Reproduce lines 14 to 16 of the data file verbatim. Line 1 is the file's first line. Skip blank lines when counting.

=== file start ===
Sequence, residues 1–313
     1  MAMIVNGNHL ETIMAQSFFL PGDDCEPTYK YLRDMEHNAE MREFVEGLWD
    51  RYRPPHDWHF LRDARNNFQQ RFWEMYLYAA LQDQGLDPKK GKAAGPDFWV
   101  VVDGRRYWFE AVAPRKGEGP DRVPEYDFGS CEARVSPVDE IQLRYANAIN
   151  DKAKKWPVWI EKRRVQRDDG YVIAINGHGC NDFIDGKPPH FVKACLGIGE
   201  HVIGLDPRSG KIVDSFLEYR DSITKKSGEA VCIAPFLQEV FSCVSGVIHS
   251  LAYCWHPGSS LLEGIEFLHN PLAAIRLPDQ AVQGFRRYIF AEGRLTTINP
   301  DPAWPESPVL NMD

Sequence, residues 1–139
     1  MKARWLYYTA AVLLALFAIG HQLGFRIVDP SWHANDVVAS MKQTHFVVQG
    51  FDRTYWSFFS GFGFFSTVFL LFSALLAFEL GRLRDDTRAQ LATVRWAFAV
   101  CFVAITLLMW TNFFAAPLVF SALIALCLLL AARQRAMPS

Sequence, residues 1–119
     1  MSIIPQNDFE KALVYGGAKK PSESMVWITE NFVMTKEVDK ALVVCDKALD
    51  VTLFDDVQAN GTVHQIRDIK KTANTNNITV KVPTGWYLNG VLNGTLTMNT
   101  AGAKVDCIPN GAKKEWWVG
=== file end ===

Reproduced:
     1  MSIIPQNDFE KALVYGGAKK PSESMVWITE NFVMTKEVDK ALVVCDKALD
    51  VTLFDDVQAN GTVHQIRDIK KTANTNNITV KVPTGWYLNG VLNGTLTMNT
   101  AGAKVDCIPN GAKKEWWVG